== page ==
Saturday, April 14, 2012

Talk Thursday: Caterpillar

Coming home from McDonald’s Friday night I seriously considered writing a blog about the sad part of a caterpillars life and why I should not like to be said bird fodder: A lack of Micky Dee’s fries. Yes, when you’re hungry on a Fast Food Friday and you’ve been striving so very hard to stay on your diet, hot out of the fryer McDonald’s fries with a generous helping of vein hardening salt is to die for. Obviously I had no idea how to approach caterpillar as a topic.

Except for something that happened on Easter Sunday, something I’d been mulling over and rehashing all week long, brought me an epiphany about my mother. The worst part is that I’ve been saying this all along, but I guess the totality hit me. My mother is all about dying. Honest.

As a daughter, she was dutiful, loving, and ardent about paying forward family traditions. As a sister she was the strong one, the sister who was the older, the stronger, the dependable one. As a wife, she left her well appointed home to live with a man for the rest of his life, that at best her mother called “White Trash”. She got my father out of debt, saved her coupon money to build a portfolio, and kept our family solvent. As a mother she gave each of her kids the best of herself – she was a Girl Scout leader, a member of the PTA, she was a Den Mother, worked the snack shack at baseball and softball games, to say the least she was involved in each of her children’s lives.

In the early 1970’s my parents bought a trailer park and moved us to Oregon. My father renovated the business grounds and buildings, my mother made it a full functioning business, giving herself to it twenty four seven three sixty five for more than twenty years. When someone in the park needed help remaining independent, my mother was there to help them – daily. Then they moved, my father’s health finally started declining at a rapid pace (please don’t smoke) and my mother became no only my father’s wife, but his care giver – that same old twenty four seven three sixty five until the day he died, over four years ago.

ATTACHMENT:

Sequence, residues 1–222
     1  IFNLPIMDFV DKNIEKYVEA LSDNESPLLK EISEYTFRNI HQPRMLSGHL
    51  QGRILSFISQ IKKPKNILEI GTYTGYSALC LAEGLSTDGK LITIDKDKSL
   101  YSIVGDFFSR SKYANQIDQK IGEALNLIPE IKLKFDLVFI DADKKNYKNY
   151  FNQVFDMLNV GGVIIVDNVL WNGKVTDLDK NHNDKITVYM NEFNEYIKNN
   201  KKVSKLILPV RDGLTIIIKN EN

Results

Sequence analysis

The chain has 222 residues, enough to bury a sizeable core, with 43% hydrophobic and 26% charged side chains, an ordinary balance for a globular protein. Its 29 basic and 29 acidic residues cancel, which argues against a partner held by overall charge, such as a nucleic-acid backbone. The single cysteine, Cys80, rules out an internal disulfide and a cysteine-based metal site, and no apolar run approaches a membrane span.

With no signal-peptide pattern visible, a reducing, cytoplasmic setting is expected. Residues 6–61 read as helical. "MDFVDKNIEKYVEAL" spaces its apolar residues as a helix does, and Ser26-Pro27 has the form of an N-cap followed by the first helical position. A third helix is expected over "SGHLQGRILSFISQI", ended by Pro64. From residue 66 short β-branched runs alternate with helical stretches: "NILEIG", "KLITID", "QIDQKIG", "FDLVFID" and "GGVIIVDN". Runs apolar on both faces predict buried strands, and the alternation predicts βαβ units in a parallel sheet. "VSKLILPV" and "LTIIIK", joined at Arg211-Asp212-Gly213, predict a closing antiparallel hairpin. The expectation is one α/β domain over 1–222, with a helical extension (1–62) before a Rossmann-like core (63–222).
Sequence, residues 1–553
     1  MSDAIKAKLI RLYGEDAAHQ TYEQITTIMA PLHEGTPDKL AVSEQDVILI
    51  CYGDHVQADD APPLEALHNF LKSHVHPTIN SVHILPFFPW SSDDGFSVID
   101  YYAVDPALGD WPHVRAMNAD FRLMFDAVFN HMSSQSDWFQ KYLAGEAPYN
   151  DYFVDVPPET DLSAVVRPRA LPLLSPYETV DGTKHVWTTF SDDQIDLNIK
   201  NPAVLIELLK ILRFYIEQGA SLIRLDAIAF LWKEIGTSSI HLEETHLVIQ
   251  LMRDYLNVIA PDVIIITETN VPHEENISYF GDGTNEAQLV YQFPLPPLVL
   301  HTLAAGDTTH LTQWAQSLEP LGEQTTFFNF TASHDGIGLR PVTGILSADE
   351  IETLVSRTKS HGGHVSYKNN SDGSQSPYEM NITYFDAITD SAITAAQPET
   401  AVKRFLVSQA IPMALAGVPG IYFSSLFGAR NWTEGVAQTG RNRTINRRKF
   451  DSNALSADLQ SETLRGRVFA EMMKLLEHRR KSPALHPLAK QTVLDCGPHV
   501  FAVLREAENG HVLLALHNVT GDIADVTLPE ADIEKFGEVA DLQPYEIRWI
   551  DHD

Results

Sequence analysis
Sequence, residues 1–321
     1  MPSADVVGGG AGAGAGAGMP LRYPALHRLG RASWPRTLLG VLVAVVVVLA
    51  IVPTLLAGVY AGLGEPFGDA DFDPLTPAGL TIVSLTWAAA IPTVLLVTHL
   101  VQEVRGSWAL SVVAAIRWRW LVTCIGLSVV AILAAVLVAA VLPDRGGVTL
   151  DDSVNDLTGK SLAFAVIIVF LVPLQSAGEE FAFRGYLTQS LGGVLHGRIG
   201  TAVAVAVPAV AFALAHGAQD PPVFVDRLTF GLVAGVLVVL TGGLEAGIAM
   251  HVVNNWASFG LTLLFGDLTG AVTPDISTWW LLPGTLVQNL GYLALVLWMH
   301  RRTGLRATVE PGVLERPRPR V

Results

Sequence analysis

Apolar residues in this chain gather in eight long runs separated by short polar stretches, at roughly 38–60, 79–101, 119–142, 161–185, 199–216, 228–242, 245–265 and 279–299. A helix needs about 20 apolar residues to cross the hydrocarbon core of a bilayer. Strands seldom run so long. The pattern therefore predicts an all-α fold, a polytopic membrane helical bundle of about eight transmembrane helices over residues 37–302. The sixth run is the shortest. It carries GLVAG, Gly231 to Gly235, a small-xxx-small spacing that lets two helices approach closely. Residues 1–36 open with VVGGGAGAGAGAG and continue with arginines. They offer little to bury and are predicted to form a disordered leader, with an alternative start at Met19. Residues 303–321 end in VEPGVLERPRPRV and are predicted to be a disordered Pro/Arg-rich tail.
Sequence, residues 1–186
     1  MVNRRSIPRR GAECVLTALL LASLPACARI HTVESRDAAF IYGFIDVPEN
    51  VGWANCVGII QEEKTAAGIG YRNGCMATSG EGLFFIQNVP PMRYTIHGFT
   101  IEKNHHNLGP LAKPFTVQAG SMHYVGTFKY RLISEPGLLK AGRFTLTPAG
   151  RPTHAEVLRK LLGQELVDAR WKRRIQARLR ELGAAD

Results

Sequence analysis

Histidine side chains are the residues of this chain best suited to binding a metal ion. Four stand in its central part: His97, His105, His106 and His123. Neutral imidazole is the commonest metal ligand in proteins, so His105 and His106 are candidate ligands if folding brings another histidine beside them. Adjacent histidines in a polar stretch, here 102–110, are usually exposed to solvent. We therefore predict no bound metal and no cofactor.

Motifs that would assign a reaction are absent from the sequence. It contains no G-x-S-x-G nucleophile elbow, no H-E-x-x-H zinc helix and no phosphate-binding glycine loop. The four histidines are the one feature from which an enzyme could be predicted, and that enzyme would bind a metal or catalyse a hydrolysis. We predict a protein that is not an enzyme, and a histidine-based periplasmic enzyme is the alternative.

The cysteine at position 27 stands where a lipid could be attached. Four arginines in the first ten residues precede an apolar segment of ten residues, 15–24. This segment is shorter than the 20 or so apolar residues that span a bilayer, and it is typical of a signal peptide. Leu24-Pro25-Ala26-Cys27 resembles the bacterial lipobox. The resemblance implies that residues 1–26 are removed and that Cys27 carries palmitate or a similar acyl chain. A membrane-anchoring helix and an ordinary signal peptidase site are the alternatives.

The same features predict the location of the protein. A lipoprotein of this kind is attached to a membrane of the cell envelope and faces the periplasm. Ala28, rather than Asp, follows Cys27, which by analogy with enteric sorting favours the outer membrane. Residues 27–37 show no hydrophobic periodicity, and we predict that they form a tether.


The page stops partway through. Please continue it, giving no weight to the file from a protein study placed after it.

The only time she left my father alone is when we went to England for three weeks. Traipsing through the English and Scottish country side seemed to thrive in the adventure and history of it all. My father has long gone, and yet my mother has made only two trips to Georgia to see my brother. She loves living by herself for the first time ever. She gives two hours on Wednesday to the area library. The rest of the time my mom builds these amazing quilts (but they are never good enough to show in the local quilt guild events) and takes care of her property (five acres south of town) with Ducky’s help.

As a child I was fascinated with caterpillars, loved learning about its metamorphic journey to chrysalis and then evolving into the beautiful butterfly it was meant to be. As I grew, matured, evolved into who I’ve become I have seen the parallels of human life to the caterpillars’ metamorphous journey through its life.

Someday, I’m sure my daughter will be come concerned about my willingness to live life or lack there of. I hope she knows how to approach her concerns. But in the way of my mother, I have no idea how to get her to live. She is forever conscience about making sure everything is as easy as possible for us “kids” when she passes. She is concerned that she will have enough money to last her life… take my word for it, my mother turned her coupon money into a $300k portfolio and her property is work easily half a mill, even in today’s market. She is concerned that she will be come a burden, I could kick my brother’s ass for that one. She is concerned that her property is too much of a burden on Roger and I, my fabulous brother in law is responsible for that, honestly Cap and Crown guy has no reason to fear, we’re not going to ask him for help.

Why can’t she fulfill her dreams and travel? I want my mom to live. I want the chrysalis to morph into the beautiful butterfly I know that is cocooned deep down in side. Mom, spread your wings and fly, no for me, not for Pinecone, Butch, or Buddy, but for yourself – you so deserve it.



Donavan said...

Perhaps she's already transformed - many times. I love the metaphor of the caterpiller. I personally don't think transformation is a one-time thing.

Beautiful on so many levels. And so are you, dear one.